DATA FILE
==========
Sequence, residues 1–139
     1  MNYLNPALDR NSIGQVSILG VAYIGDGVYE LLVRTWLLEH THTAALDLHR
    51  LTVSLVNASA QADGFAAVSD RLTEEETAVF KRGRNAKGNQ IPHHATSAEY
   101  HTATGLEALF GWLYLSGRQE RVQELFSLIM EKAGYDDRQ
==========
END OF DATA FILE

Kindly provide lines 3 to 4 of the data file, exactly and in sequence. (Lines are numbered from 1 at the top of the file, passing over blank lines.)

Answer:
    51  LTVSLVNASA QADGFAAVSD RLTEEETAVF KRGRNAKGNQ IPHHATSAEY
   101  HTATGLEALF GWLYLSGRQE RVQELFSLIM EKAGYDDRQ